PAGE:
2. The Average Small Business Owner in the United States Earns $105,012
  3. Polls consistently show that small businesses owners work longer hours than employees and have considerably more responsibilities

So, when one considers the additional fiduciary obligations of 401(k) plans as well as the size and scope of most small businesses, my questions are these:

  1. Do small business owners who are not planning to max out their 401(k) ($66,000 for individuals under 50 with employee and employer profit share) need the additional fiduciary liability that comes with sponsoring a 401(k) to accomplish their business goals?
  2. Do small business owners need the additional complexity associated with 401(k) rules when they’re already stretched thin on time due to their busy schedules?
  3. Do small business owners need the additional costs associated with operating a 401(k) when they’re typically already concerned about keeping operating costs low?

My experience is that most financial advisors do a poor job of educating clients on what they’re signing up for when they choose to sponsor a 401(k) and an even worse job of presenting other viable (and often better) options. Because all 401(k) assets must be held in a trust account, there are additional administrative and recordkeeping costs that are not found with other plan types. There are also additional liabilities associated with maintaining the trust that make the plan sponsor and all fiduciaries of the plan personally liable if something goes wrong and they are found at fault for the mistake.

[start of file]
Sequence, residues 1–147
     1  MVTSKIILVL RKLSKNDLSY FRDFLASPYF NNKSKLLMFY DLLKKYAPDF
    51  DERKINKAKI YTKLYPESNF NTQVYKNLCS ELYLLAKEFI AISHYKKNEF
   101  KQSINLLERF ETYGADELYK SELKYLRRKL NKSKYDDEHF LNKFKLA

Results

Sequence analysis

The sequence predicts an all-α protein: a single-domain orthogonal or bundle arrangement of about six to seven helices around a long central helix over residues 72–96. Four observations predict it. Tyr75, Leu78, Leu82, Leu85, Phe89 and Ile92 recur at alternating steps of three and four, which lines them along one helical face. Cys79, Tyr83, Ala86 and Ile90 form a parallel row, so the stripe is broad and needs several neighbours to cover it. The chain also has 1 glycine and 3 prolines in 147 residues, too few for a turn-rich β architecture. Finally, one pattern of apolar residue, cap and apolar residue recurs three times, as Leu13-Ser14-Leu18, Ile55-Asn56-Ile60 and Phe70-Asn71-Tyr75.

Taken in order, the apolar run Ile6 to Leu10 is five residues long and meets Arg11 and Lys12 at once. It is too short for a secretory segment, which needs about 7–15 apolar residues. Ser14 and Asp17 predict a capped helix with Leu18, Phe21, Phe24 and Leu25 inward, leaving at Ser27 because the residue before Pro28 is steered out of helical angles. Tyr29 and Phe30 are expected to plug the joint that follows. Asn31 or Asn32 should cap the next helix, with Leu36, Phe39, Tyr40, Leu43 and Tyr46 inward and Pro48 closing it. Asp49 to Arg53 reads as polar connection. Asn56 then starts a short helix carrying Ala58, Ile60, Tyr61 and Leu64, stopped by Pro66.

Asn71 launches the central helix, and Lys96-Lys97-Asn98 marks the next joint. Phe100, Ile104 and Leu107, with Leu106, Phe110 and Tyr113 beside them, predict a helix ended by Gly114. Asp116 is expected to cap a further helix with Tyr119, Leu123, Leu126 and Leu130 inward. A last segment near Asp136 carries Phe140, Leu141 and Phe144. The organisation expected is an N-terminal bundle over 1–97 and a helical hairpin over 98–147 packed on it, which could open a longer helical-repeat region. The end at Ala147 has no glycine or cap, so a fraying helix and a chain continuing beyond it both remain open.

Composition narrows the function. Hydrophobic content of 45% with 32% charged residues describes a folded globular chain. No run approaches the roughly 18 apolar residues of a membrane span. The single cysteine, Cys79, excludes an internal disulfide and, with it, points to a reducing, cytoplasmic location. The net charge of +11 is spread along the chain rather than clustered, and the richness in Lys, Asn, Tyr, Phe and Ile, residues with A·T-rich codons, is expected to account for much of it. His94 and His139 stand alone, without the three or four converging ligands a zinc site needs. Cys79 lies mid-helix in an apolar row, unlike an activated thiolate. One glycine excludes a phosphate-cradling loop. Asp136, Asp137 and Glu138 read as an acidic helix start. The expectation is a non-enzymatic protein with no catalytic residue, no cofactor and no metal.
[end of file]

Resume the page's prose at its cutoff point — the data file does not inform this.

And things do go wrong - in 2020, 67% of DOL Audits resulted in monetary results and/or corrective actions totaling $3.4 billion paid out to employee benefit plans, participants, and beneficiaries. Furthermore, it’s not just small plans that get things wrong. Some of the largest, most notable settlements have come from Fortune 500 companies or even financial institutions. My question is this - If Fortune 500 companies and financial institutions have DOL issues, how confident can the average small business owner be in their 401(k) process?

Some of the highest profile DOL settlements have come from large institutions and even financial firms.

These facts aren’t presented to scare clients away from sponsoring a 401(k). With the right advisor and process in place, nearly all of the major pitfalls can easily be avoided. However, clients should be provided with all relevant information so they can understand their responsibilities going into setting up their plan. Financial advisors and institutions should view it as their duty to help clients understand that if they choose to implement a 401(k) then they need to have a detailed and documented process to help them navigate the rules and regulations.

When I meet with clients and discuss employer sponsored plans I always say something similar to this: